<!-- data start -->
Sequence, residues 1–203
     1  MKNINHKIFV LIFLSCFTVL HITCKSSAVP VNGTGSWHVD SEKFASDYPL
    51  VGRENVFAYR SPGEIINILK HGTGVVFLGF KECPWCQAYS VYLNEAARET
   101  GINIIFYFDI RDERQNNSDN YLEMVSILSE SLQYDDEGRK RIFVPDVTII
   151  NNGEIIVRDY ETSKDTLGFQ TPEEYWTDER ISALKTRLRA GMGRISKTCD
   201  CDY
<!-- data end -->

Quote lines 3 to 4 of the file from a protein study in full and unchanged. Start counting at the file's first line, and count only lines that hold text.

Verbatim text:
    51  VGRENVFAYR SPGEIINILK HGTGVVFLGF KECPWCQAYS VYLNEAARET
   101  GINIIFYFDI RDERQNNSDN YLEMVSILSE SLQYDDEGRK RIFVPDVTII